Outdoor learning centres handed £2m to help survive pandemic
Education minister Richard Lochhead said the funding should allow the centres to provide 'meaningful experiences'.
Outdoor education centres are to receive £2m of Scottish Government cash to help the sector survive the Covid-19 pandemic.
Announcing the financial support, education minister Richard Lochhead said it should allow the centres – which are currently not permitted to have youngsters for overnight stays – to provide “meaningful experiences”.
But those campaigning for support for the sector said a long-term strategy is still “urgently needed”.
Scottish Conservative MSP Liz Smith, who has been calling for more support for the centres, has previously warned £3m is needed for them to survive the winter period.
Mr Lochhead insisted he is “acutely aware” of the challenges faced by the sector due to coronavirus restrictions.
He added: “Outdoor learning is an important aspect of Scotland’s curriculum. It can play a vital role in supporting children’s wellbeing and attainment and we are fully committed to supporting outdoor education providers.
“I hope this funding, along with third sector and youth work funding streams which are already available, alleviates some of the pressures facing the sector during these challenging times and allows them to offer meaningful experiences to young people.
“Funding on its own will not address all of the challenges that are faced at the current time.
“We will continue to engage with local authorities to support the important role that outdoor education centres and their staff can play during the period when overnight residential stays are not permitted for public health reasons.”
Ms Smith said the funding is “welcome progress brought about by the extensive lobbying of the outdoor education sector and the cross-party group of MSPs who have lobbied the Scottish Government so hard in recent months”.
She added: “There is universal agreement that outdoor education is one of the most precious assets in the whole educational experience and we cannot let centres close.
“£2m for the immediate future will help to cover costs this winter but no-one – including the Scottish Government – should be in any doubt that a long-term strategy, properly funded, is urgently needed to ensure our centres can plan ahead for the post-Covid era.”
Thousands of jobs under threat at supermarket giant Asda
The supermarket giant has launched consultations with around 5000 workers.
Asda has launched consultations with around 5000 staff over a major restructuring which could put around 3000 back office store workers at risk.
The supermarket giant said the restructuring has been driven by the “structural shift” towards online grocery shopping during the pandemic.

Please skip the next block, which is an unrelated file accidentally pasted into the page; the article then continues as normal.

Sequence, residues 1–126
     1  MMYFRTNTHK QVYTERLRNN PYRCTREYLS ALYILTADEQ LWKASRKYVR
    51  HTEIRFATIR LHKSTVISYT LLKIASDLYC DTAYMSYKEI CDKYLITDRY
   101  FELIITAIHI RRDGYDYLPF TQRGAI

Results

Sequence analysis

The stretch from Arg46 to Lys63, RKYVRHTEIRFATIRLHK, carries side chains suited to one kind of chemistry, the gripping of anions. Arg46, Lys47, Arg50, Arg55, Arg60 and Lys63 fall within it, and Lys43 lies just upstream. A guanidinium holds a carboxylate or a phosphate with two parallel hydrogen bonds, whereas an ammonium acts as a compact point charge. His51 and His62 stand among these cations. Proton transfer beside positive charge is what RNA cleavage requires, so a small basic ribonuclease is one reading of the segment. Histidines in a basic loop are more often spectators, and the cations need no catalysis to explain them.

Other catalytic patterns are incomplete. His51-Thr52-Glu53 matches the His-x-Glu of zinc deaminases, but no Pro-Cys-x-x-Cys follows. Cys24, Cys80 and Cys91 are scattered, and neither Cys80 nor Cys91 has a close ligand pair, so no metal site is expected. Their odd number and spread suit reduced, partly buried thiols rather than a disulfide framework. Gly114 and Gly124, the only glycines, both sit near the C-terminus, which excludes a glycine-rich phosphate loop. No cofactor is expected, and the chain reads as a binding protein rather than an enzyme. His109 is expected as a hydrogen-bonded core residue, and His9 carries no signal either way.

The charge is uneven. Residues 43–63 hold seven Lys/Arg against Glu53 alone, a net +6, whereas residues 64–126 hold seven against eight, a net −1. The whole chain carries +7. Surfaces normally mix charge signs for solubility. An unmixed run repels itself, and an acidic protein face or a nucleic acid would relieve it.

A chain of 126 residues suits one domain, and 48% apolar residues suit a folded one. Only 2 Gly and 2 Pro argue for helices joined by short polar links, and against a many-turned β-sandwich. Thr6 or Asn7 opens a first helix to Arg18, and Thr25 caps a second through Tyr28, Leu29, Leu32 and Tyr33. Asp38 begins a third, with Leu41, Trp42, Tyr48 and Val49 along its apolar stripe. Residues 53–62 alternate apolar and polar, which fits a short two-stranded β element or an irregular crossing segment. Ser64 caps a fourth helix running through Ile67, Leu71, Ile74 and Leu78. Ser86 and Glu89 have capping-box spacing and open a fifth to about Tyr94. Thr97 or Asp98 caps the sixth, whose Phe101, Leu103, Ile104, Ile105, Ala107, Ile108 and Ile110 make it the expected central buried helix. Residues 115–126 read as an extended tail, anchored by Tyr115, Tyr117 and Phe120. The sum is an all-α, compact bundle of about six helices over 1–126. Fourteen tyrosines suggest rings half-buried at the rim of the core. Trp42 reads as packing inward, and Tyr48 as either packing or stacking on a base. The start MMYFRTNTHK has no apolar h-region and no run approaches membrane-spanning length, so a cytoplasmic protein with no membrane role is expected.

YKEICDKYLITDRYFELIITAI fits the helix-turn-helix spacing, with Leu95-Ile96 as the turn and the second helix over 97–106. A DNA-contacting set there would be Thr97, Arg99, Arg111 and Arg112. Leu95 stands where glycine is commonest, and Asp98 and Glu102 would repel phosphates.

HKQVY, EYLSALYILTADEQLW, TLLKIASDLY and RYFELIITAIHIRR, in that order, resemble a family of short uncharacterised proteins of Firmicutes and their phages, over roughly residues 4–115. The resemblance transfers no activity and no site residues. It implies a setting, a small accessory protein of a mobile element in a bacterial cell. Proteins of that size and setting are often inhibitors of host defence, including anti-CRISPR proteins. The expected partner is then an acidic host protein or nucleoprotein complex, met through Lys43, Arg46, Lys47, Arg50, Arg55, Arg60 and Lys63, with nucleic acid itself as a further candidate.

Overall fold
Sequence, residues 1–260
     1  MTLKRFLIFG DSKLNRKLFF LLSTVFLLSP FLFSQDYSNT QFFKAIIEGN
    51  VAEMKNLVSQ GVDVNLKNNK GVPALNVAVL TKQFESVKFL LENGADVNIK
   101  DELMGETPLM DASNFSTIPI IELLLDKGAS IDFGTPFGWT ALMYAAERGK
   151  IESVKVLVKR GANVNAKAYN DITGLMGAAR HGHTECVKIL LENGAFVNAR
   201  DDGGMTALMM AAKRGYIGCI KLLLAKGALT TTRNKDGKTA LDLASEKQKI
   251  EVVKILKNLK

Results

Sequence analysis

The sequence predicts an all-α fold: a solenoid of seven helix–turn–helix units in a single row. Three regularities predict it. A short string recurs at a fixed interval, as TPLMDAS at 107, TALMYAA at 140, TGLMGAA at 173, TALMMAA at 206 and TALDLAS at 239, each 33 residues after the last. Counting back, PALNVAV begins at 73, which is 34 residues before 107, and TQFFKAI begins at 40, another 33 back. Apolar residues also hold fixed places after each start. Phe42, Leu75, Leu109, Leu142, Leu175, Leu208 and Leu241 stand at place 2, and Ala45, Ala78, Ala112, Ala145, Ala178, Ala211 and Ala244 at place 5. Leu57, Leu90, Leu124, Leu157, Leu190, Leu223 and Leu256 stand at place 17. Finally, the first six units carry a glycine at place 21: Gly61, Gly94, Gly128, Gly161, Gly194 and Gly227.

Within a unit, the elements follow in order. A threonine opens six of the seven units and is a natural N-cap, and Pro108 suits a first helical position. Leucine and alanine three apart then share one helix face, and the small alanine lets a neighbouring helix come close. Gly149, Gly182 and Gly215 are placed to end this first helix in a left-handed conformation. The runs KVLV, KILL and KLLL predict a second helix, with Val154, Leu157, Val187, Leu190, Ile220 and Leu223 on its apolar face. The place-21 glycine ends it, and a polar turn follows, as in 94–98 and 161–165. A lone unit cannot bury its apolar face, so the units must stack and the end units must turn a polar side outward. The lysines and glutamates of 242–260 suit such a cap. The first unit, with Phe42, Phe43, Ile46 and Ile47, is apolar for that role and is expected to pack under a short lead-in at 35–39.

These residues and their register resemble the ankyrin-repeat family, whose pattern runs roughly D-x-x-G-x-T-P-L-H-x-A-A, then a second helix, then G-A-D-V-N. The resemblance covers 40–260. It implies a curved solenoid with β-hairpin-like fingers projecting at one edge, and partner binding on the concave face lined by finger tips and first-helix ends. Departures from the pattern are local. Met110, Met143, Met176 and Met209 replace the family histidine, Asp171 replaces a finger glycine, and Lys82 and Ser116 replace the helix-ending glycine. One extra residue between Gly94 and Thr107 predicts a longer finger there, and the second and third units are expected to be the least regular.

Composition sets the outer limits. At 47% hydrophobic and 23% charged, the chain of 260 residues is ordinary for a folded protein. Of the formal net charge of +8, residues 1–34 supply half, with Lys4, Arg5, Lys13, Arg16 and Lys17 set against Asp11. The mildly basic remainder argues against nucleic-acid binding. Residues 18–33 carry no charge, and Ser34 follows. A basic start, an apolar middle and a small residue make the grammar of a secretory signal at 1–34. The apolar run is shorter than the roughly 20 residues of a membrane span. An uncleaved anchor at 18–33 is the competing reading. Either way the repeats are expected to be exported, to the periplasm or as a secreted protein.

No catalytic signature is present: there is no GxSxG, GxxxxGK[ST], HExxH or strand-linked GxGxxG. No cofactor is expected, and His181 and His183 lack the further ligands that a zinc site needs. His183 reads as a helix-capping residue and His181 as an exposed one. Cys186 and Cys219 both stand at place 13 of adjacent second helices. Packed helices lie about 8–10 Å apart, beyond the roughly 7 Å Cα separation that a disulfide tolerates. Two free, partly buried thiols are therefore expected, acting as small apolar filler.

The grocery firm said it also plans to create around 4500 separate jobs in its online operations this year and will look to hire staff impacted by the potential cuts.
Nevertheless, Asda said the consultations will impact about 3000 back office store workers, particularly affecting staff with cash and administrative roles amid the continued slump in cash transactions.
The firm said it plans to close its Dartford and Heston home shopping centres, with around 800 jobs affected, as it looks to shift more picking operations into stores.
It added that around 1100 of its store management roles will be changed to support online grocery operations as more picking takes place in stores.
However, the company said this could increase the total headcount in these roles by around 60, as part of the consultations.
Roger Burnley, Asda chief executive and president, said: “The pandemic has accelerated change across the retail sector, especially the shift towards grocery home shopping, and our priority is to serve customers in the way they want to shop with us.
“The last 12 months have shown us that businesses have to be prepared to adapt quickly to change and I am incredibly proud of the way we demonstrated our agility and resilience through the pandemic.
“We know that these proposed changes will be unsettling for colleagues and our priority is to support them during this consultation process.
“Our plans to transform the business will result in more roles being created than those we propose to remove and our absolute aim is to ensure as many colleagues as possible stay with us, as well as creating the opportunity to welcome new people to our business.”
It comes months after the billionaire Issa brothers and private equity backer TDR Capital agreed a £6.8bn deal for the supermarket chain.
The takeover is still awaiting approval from competition regulators, so the new owners are yet to take control of Asda’s operations.
Roger Jenkins, GMB National Officer, said: “Asda workers have had a torrid two years. The failed Sainsbury’s takeover, twelve months working on the pandemic frontline and now the uncertainty of a new take over, sidling the company with huge debts and potential sell-offs.
“This is the last thing they need.